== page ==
Siddhartha

Siddhartha

About Siddhartha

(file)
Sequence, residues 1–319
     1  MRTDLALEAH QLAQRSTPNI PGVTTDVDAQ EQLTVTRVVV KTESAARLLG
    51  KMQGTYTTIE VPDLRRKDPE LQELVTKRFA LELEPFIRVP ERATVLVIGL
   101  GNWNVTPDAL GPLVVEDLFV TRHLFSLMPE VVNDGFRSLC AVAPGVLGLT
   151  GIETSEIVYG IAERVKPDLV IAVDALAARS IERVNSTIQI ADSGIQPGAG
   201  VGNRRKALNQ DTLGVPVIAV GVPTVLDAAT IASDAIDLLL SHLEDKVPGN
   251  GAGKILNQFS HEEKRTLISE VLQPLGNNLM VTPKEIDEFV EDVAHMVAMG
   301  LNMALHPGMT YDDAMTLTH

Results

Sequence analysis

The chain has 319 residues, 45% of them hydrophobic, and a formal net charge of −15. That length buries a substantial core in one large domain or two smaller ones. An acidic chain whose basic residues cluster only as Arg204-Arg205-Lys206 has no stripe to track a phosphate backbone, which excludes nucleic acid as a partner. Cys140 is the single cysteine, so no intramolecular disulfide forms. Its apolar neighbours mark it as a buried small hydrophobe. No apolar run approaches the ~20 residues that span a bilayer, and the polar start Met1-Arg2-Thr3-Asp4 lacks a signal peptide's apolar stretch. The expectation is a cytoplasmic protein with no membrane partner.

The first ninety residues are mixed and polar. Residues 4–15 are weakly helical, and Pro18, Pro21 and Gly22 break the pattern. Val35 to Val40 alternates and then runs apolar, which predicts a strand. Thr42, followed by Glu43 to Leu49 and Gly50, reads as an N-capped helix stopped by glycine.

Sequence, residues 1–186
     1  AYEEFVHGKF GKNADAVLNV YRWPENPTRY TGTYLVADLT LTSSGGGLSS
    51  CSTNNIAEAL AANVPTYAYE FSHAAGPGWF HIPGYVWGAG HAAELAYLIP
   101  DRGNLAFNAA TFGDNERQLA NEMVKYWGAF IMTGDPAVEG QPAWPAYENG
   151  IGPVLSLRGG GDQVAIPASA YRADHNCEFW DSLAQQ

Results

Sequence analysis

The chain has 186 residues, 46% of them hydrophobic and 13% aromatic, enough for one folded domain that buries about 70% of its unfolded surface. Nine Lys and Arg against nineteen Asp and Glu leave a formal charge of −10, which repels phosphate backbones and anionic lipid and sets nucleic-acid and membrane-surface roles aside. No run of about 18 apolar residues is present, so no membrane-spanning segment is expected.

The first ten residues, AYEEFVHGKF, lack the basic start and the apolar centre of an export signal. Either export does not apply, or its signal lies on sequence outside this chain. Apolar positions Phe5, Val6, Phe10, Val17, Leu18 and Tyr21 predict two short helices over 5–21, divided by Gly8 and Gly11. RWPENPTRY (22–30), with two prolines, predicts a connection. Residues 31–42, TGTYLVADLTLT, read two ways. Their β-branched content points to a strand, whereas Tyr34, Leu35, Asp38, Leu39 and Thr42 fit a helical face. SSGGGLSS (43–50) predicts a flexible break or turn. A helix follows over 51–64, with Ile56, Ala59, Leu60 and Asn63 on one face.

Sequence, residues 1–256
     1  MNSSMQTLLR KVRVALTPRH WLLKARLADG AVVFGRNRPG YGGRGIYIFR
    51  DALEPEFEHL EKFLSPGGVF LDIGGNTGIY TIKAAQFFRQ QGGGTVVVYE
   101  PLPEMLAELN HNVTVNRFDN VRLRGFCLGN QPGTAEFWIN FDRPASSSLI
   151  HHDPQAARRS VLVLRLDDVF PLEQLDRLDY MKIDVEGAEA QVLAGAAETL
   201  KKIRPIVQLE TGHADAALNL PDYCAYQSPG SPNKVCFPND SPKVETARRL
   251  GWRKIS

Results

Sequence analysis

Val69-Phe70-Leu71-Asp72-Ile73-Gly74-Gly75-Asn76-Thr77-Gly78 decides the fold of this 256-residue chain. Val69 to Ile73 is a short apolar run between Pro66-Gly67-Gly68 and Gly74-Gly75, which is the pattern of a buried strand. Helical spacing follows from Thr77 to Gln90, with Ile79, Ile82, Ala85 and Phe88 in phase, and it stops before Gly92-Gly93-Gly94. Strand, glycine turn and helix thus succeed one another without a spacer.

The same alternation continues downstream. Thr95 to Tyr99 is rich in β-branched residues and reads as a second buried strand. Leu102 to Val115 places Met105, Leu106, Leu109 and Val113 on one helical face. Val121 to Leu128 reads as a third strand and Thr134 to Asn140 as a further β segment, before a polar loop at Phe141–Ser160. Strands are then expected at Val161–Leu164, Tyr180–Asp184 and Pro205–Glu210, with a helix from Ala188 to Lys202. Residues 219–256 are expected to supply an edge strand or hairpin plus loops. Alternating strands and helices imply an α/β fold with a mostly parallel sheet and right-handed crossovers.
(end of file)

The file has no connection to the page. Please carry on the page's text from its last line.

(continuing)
Siddhartha is a novel by Hermann Hesse that deals with the spiritual journey of self-discovery of an Nepali man named Siddhartha during the time of the Buddha. The book, Hesse's ninth novel (1922), was written in German, in a simple, lyrical style. It was published in the U.S. in 1951 and became influential during the 1960s. Hesse dedicated Siddhartha to his wife Meiner Frau Ninon gewidmet and supposedly afterwards to Romain Rolland and Wilhelm Gundert. The word Siddhartha is made up of two words in the Sanskrit language, siddha (achieved) + artha (meaning or wealth), which together means 'he who has found meaning (of existence)' or 'he who has attained his goals'. In fact, the Buddha's own name, before his renunciation, was Siddhartha Gautama, Prince of Nepal. In this book, the Buddha is referred to as 'Gotama'. The story takes place in ancient India around the time of Gotama Buddha (likely between the fourth and seventh centuries BCE).

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